The historical role of the milk house on the Bradley-Craig farm (Part 2)

(Editor’s Note: Marguerite Evans, PhD., is a descendant of the Bradley family. She has written this series for Stittsville Central on the history of the beloved local dairy farm known as the Bradley-Craig farm. Marguerite shares the history of the dairy industry and the families involved. The milk house located at the Bradley-Craig farm played an important role in the early days of milk production continuing with the purchase of the farm by Eldon and Norma Craig. Marguerite has captured the history of the beloved Bradley-Craig dairy farm in great detail and we very much appreciate her sharing this series with Stittsville residents.)

In spring 1900, The Ottawa Journal reported that in Hazeldean the new cream separator in Cavanaugh’s old factory was “doing a good business under the charge of Mr. A. Driscoll.” Franz Klingender, a former curator of the Canada Agriculture and Food Museum, argued that the cream separator marked a significant phase of technological innovation in dairy farming and the movement from farm to factory.

(An early Cream Separator from circa 1910.)

In 1921, Joshua Bradley and his wife, Annie Barbara, divided their property between their two sons, Joshua Ernest Bradley and John Clifford Bradley.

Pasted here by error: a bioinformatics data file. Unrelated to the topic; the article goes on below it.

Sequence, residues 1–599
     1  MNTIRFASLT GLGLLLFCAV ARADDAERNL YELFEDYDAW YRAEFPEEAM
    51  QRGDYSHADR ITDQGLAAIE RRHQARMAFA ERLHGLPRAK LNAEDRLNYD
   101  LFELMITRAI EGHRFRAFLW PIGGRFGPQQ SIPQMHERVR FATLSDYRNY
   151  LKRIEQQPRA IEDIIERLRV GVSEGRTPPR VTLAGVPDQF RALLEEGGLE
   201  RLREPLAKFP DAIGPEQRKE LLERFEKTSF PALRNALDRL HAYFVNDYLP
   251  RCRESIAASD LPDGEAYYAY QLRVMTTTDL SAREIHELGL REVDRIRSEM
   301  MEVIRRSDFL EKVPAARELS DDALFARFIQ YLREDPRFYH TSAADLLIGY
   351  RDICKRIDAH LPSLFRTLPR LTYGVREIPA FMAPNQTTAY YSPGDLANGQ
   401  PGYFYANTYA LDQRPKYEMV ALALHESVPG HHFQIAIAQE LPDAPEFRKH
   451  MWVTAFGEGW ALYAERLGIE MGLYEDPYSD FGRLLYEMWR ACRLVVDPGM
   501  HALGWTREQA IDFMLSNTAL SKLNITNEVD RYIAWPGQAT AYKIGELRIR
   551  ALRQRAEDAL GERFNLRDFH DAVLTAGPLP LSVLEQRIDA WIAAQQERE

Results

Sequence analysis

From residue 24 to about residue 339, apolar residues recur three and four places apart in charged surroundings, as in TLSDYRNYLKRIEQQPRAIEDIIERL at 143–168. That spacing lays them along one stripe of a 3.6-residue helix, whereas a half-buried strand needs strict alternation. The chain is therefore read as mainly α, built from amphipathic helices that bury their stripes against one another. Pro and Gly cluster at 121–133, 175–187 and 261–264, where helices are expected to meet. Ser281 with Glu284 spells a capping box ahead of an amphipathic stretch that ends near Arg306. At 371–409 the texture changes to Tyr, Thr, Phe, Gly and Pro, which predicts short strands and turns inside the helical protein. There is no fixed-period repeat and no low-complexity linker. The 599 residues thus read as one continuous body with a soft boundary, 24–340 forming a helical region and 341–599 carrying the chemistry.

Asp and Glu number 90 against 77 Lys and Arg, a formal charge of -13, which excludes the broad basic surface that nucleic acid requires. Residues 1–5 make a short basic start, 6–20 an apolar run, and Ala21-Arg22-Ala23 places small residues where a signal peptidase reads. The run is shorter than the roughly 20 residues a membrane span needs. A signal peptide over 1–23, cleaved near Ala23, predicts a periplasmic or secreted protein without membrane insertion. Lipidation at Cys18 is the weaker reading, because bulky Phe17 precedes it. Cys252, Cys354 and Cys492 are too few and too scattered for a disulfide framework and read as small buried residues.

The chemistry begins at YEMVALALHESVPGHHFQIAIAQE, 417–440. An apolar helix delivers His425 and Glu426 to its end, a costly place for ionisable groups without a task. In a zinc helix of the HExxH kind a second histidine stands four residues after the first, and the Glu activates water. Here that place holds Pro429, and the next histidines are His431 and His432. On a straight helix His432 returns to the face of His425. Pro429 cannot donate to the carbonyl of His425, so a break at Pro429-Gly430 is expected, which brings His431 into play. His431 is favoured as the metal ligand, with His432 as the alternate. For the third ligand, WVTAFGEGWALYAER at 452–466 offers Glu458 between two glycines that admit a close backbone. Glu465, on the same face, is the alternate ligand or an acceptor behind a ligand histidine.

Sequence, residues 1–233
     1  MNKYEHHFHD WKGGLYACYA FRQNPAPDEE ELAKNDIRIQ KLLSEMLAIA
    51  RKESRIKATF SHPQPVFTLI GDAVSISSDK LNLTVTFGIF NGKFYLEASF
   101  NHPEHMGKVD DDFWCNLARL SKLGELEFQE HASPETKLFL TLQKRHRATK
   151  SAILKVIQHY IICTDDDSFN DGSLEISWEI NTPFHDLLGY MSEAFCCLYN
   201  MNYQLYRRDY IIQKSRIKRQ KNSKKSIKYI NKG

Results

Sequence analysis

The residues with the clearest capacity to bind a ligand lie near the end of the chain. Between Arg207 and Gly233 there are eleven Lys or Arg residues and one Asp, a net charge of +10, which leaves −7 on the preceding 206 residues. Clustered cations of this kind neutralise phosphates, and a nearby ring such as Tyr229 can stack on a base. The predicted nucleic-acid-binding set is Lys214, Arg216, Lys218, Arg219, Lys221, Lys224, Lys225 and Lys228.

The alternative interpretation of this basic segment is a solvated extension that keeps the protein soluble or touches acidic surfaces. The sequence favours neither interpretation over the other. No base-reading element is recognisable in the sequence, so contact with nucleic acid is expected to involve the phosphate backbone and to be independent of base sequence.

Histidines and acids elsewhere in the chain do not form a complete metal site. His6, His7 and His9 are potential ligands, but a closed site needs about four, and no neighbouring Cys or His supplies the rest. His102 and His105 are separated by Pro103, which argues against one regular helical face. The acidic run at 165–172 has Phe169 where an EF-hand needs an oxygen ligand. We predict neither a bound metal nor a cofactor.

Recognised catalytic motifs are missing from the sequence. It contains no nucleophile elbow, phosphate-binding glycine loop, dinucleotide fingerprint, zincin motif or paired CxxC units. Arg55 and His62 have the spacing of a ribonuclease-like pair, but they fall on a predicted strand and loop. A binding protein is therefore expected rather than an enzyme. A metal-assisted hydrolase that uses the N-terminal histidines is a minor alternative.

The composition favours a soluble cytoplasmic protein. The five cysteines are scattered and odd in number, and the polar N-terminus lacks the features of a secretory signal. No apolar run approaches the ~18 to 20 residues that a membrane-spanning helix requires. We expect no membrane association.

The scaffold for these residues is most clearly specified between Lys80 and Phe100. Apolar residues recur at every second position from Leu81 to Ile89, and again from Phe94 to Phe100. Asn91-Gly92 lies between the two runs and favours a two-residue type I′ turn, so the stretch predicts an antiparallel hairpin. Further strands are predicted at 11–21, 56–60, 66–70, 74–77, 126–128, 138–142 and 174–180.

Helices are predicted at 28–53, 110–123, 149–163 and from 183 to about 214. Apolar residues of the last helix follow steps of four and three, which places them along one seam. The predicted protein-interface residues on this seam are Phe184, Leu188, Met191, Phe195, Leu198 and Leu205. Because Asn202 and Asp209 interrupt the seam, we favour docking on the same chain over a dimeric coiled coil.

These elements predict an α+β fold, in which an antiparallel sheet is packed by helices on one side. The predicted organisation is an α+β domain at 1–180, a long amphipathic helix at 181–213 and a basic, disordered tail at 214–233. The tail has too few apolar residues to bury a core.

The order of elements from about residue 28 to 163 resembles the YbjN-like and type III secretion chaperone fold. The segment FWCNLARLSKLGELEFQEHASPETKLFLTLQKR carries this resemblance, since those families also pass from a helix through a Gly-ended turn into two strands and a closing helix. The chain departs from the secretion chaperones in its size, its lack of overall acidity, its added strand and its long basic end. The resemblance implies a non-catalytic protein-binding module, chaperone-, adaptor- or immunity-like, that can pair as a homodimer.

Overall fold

John Clifford Bradley and his wife, Margaret Dawson, the third Bradley generation to farm on the land, had Ayrshire cattle and later Holstein-Friesians. Ayrshires and Durhams were the first breeds to be imported into Canada while Holsteins were imported about 1870. Ayrshires from Ayr, Scotland, were good grazers, vigorous, and efficient at milk production. Their milk was ideally suited for butter and cheese production. Unfortunately, many of Clifford’s Ayrshires died of cow fever on board ship en route to Canada. Holstein-Friesians originated in Holland and were noted for their high milk production. Clifford milked about 20 cows. There was a pump inside the farm’s main gate. As a youngster growing up in the 1930s, Norma Craig, Clifford’s daughter, remembers each morning before school hand-pumping water into the concrete trough before she drove the cattle east along the 12th concession to graze on the property where the Kevin Haime Driving Range is now located.  After school she brought the cattle home and pumped more water into the trough.

In the 19th century some farmers began distributing milk to city customers by horse drawn wagon or sleigh in winter.  This marked the beginning of the dairy farmer becoming a milk producer and distributor. Accordingly, by 1900 dairies were being established in Ottawa, Montreal, and Toronto. With improved rail and road conditions, independent shippers could purchase milk directly from the farmers and deliver it to urban centres. Sanitation was a constant challenge in dairying. Initially, farmers delivered milk in pails, cans, or other containers. In 1884, the glass milk bottle was patented in the U.S. and became necessary packaging for home milk delivery. Once scientists discovered the relationship between bacteria, milk quality, human consumption, and health, stricter laws required pasteurization, sterilization, cooling, refrigeration, and inspection for farm and factory.

(A Springwell Dairy milk bottle. Courtesy: Ingenium – Canada’s Museum of Science and Innovation)